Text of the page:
In this new age of digital and multiliteracies, the requirements of a reader are changing. Whereas traditionally the focus of learning was more on remembering information gleaned from multiple books, children today may need to think critically about what they are reading, sort out the misinformation and evaluate sources. How does this impact our literacy teaching practices? As a classroom teacher and student of literacy education, I believe that we can begin to foster higher level literacy skills in early instruction, and one such authentic context can be the classroom read-aloud.
Let’s consider two examples. Recalling names of characters from a story is a low level literacy skill because this information is explicit and does not require any inferencing or thinking. However, recalling character motivations is a higher level literacy skill because the listener or reader has to recall information that supports a premise, and synthesize it with their own prior knowledge to construct meaning that goes beyond the text.
One way to create this culture of higher level reading skills is to go beyond literal questions to interactive discussions which help students create meaning collaboratively. Usually, teachers tend to read to their class and then follow the initiation, response, and evaluation (IRE) method to ask questions or discuss ideas. Here, the teacher is just singling out a student to get their reply and evaluate their understanding. This tends to still the flow of thoughts and responses going through other children’s minds. On the other hand, having noisier reading sessions with responses coming from all corners of the classroom helps them co-construct meaning in a collaborative way.
Another way to build critical reading skills is to move from recalling explicitly stated facts in the text, to creating higher level interpretive meaning. Good readers analyze texts, synthesize information, compare it to what they already know, and then form understandings. How can this translate to preschool and kindergarten classrooms? Teachers can help students reconstruct and co-construct meaning from texts. Let’s say a student misinterprets a character’s motivation. Perhaps they may feel that the Big Bad Wolf just wants to visit the pig’s house to hang out with them. Although there is always room for multiple interpretations, when a student’s response is clearly misinterpreting the text, the teacher can work with the student to clarify their understanding or pursue the discussion till the correct interpretation is achieved. Similarly, if there are multiple interpretations of a text which are taken up by different students (maybe the Big Bad Wolf had a cold, and couldn’t stop sneezing), the teacher can relinquish control of one idea and achieve a truly co-constructed interpretation of the text.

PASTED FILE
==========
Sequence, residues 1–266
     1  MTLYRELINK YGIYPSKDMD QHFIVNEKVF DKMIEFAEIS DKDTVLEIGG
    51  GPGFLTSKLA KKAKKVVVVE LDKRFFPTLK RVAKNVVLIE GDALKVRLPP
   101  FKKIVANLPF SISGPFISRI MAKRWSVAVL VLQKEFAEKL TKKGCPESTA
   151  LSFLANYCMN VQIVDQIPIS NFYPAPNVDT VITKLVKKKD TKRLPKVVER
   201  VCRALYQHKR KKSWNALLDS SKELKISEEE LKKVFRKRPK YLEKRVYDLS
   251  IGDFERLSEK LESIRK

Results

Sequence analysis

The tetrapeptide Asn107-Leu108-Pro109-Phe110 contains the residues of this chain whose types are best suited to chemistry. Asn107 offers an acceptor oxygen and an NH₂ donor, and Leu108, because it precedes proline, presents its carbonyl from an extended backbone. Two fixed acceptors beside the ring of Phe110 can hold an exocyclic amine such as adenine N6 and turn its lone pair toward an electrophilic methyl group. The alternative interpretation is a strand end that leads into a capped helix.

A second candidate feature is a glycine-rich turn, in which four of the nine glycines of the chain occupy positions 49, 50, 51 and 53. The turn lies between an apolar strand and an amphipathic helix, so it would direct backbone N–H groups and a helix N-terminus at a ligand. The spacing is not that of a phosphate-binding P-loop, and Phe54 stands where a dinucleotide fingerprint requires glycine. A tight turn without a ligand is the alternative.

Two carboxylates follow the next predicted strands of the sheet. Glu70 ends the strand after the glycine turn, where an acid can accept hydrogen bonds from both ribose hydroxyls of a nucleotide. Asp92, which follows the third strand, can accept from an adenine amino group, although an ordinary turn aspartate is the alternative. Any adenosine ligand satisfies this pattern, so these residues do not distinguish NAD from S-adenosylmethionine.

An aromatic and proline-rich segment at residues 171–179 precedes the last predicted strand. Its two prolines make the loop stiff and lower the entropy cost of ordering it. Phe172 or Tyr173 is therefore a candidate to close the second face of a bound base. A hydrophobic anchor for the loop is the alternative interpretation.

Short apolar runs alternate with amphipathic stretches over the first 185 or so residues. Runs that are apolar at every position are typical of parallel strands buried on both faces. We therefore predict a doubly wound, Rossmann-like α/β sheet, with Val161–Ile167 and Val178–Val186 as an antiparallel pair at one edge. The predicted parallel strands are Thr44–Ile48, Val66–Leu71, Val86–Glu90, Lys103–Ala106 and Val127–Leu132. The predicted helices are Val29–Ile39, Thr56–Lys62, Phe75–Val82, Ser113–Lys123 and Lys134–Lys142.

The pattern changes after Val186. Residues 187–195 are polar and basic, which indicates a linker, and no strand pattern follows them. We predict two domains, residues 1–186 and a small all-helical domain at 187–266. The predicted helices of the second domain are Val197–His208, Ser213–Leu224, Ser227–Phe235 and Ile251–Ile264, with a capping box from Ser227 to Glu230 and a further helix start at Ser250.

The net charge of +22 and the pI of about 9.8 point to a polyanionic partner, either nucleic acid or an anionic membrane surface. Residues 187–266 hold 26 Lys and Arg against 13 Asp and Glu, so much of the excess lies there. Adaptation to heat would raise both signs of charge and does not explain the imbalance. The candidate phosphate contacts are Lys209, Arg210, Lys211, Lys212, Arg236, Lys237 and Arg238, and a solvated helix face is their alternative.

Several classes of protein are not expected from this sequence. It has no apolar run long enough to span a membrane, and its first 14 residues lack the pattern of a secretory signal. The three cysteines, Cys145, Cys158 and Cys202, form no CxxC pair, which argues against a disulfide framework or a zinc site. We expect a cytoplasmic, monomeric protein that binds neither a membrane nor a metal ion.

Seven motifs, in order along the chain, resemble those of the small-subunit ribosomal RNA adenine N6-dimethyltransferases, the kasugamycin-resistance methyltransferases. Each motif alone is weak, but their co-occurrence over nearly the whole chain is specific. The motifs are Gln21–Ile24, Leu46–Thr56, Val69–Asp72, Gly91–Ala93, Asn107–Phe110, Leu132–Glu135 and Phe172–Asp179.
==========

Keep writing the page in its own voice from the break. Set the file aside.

Finally, teachers can move to an interpretive design of reading aloud by prereading, analyzing and planning discussion points in advance, so that children’s attention can be directed to more complex ideas in the text. Issues of equality, gender, and society can be discussed or introduced and students can be taught to think critically about symbolism in pictures or ideas (Why is the boy in a wheelchair not part of the game? How can the other children make changes to their rules to let him participate too?).
Some strategies for teachers during read-alouds:
- Have at least three readings of the same book to delve deeper into ideas and follow up on comments and questions.
- Pick out discussion points from the text in advance which can spark conversations and prompt students to draw real-life parallels.
- Model deep reading strategies such as frequently stopping and monitoring comprehension, marking difficult vocabulary, predicting what might happen next and questioning author intent.
- Allow students to participate freely in read-alouds without set routines such as hand-raising or taking turns etc.
- Be open to multiple interpretations of the same text and encourage students to look at it from different perspectives.
Hoffman, J. L. (2011). Coconstructing Meaning: Interactive Literary Discussions in Kindergarten Read‐Alouds. The Reading Teacher, 65(3), 183–194.